Thursday, October 13, 2011

ARZone Podcast 18: Reflections on Bruce Friedrich

In our last podcast, ARZone interviewed Bruce Friedrich from Farm Sanctuary. In this episode, the ARZone team chat about issues that seemed to us to arise from Bruce Friedrich's podcast.

You may also LISTEN HERE.

Extra, Extra, hear all about it. A few minutes cut from the main podcast.



Anonymous said...

Thanks for this very interesting discussion!

I really liked the idea of each ethical vegan being a victory as an alternative to welfare "victories."

Although I like this idea personally, from my research, it would not be as viable from an organisational point of view. The reason for this is that almost all animal advocacy organisations have a predominantly non-vegan member base - meaning "selling" ethical vegans as victories would be a tougher sell than welfare victories that are said to improve the conditions for the animals that most of these members are eating.

Barbara DeGrande said...

Nick, that is precisely why it is somewhat erroneous to call oneself an
Animal Rights organization or an animal advocacy organization if you are invested in appeasing your membership rather than engaging in educating people to liberate animals. Groups try all sorts of ways to rationalize this betrayal.

Perhaps it is time to quit supporting such organizations that really do not support ethical veganism then? If the group would take a stand, perhaps their members would become invested in identifying with the new standard? I know from my own small AR group that, while all are welcome, we are very clear that we support veganism and do not support any use of animals. However, we are all in different parts of our evolution and are not here to judge but to help and educate others, while we ourselves learn more all the time.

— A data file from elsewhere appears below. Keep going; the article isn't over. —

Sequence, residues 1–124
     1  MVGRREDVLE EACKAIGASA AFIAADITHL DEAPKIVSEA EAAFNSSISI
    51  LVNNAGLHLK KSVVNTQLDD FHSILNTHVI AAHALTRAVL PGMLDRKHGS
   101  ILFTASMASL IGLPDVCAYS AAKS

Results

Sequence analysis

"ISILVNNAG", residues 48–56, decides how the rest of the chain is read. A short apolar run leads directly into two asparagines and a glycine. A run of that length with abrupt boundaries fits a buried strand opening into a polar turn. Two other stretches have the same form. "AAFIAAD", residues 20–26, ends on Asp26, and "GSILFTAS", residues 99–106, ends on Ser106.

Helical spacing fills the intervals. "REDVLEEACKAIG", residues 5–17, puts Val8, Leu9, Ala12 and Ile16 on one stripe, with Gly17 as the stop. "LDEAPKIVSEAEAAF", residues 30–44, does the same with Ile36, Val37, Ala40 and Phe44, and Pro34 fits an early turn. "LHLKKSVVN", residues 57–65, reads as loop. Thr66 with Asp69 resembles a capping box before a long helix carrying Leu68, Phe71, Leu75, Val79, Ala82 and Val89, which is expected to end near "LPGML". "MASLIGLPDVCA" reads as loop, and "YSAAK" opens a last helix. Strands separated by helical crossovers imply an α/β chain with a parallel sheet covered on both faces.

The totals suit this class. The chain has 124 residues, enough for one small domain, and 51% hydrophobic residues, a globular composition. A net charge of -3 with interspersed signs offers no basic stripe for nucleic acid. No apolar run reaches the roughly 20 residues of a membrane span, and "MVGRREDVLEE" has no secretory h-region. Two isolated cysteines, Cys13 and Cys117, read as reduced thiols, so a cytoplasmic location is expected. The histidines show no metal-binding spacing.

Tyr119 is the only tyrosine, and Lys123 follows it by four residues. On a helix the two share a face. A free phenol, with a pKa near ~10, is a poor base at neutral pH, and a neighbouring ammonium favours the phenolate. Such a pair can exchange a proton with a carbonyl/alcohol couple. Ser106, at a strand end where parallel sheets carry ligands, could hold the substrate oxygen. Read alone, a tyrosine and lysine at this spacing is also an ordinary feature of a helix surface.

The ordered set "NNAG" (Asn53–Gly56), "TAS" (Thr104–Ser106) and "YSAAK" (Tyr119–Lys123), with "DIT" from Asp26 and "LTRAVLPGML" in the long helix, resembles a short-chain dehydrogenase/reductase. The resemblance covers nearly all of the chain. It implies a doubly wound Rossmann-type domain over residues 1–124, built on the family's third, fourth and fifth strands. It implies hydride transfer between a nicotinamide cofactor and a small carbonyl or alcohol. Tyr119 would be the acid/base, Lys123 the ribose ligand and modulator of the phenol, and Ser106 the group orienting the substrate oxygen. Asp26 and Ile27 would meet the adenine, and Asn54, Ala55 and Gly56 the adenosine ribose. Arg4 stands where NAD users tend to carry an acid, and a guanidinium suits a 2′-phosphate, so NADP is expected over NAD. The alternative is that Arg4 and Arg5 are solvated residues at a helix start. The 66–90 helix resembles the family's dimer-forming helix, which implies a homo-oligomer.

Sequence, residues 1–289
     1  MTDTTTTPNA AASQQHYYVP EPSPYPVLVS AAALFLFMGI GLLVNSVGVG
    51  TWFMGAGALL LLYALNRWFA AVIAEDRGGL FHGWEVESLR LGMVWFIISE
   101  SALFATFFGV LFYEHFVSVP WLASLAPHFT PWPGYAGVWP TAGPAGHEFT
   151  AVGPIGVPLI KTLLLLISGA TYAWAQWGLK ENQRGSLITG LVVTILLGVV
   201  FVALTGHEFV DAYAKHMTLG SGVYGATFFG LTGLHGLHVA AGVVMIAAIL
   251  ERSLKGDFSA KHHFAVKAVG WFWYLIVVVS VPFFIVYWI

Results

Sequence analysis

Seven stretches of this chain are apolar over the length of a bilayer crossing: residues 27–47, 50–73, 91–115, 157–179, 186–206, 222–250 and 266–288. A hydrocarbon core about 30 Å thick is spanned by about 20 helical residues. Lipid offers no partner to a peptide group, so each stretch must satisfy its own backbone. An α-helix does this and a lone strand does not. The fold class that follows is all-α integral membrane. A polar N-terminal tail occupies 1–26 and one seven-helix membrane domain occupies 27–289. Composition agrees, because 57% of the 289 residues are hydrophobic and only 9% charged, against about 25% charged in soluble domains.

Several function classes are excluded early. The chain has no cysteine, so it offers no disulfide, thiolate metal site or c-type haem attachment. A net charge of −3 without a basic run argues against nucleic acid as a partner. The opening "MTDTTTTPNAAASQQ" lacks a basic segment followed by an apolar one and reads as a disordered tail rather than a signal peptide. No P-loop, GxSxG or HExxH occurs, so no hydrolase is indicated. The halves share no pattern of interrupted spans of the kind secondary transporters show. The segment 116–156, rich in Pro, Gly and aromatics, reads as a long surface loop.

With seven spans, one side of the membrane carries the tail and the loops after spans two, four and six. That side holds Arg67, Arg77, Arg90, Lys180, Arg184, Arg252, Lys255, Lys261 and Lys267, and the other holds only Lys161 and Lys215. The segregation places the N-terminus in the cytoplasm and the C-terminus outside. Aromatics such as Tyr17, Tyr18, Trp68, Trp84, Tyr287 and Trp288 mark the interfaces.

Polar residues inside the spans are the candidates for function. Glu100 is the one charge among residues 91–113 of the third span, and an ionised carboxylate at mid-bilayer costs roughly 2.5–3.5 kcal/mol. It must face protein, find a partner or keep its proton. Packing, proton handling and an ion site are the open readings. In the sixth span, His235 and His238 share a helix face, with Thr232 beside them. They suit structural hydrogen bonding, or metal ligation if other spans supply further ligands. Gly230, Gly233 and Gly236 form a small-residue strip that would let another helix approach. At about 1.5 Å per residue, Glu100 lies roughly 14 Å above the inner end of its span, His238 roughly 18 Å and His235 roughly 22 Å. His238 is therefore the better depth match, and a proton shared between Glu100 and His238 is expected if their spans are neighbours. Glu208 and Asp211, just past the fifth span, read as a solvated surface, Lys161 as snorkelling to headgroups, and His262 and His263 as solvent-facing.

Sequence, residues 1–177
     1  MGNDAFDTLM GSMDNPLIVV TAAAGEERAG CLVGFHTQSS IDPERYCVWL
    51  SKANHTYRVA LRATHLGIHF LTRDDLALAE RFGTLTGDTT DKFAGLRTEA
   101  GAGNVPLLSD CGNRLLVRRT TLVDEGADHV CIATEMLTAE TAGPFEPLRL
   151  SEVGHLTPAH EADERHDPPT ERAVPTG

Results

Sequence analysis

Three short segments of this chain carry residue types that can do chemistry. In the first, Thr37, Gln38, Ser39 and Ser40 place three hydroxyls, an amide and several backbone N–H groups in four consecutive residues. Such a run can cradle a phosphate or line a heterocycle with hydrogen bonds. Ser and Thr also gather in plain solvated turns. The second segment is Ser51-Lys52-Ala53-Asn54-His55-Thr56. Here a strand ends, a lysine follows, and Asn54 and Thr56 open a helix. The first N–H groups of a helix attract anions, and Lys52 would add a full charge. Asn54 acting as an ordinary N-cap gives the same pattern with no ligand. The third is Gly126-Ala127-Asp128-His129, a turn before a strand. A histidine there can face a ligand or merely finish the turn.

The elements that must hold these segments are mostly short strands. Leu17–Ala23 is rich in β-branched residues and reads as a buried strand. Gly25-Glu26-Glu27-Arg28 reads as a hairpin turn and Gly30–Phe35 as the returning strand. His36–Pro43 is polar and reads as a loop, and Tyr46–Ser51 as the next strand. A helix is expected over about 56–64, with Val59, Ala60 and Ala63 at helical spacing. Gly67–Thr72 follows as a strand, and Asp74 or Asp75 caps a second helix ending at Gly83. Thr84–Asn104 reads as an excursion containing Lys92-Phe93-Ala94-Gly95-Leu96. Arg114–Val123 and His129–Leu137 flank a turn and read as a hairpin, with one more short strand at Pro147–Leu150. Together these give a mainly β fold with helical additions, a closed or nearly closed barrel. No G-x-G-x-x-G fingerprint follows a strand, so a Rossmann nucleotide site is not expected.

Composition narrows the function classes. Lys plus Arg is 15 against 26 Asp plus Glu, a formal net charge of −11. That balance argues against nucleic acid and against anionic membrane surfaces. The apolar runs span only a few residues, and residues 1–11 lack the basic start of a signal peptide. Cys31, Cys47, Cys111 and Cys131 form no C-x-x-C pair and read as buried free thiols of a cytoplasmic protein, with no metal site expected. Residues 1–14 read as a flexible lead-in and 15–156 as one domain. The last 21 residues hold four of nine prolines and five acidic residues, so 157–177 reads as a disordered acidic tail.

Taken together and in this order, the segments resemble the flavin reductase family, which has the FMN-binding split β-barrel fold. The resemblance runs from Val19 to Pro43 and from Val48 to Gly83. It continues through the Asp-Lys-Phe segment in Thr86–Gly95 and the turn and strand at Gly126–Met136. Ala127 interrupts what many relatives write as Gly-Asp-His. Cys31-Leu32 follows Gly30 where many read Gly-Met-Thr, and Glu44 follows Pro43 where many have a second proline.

Carolyn Bailey said...

Hi Nick,

Thanks for your comment!

I think it would be a great idea too, but I agree with you. Creating more ethical vegans doesn't seem as "exciting" as some of the "victories" that are claimed at times. I think, unfortunately, many of these claimed "victories" are more about the humans feeling good about themselves and being able to back-slap each other, than actual victories for other animals.

Anonymous said...

Yeh, there is the "excitement" factor - although Animal Equality in Spain have carried out some pretty creative vegan campaigns/actions.

In terms of organisations supporting veganism - I think the larger organisations like PETA do support veganism - they'd be happy to find out that one of their members has gone vegan.

But they do not promote veganism as the least people can do to take the interests of other animals seriously. Organisations that do tend not to have as many members, paid staff, an office etc.

Nick Pendergrast said...

Hi Barbara and Carolyn (and anyone else who is interested), I have just published a conference paper which elaborates on my above comments:

Barbara DeGrande said...

Nick, thank you for that most interesting and informative post. In some ways, even grassroots organizations have the same dilemma: how to interest enough people to be viable, how to gather funding and donations in a speciesist society, and how to get active in a way that promotes our goals without getting us shut down. I would say, however, that grassroots orgs have a different proportion of activity and energy with hopefully, more freedom (by design) to educate the public, take a stand for veganism, and stay true to purpose.

Nick Pendergrast said...

Cheers Barbara, yes these organisational considerations are an issue for most organisations, regardless of size. However, as you say, grassroots organisations have much more potential to promote veganism than larger organisations with paid staff etc. These larger organisations generally put very little effort into promoting veganism (if at all) - whereas for some smaller organisations, this is the primary focus.

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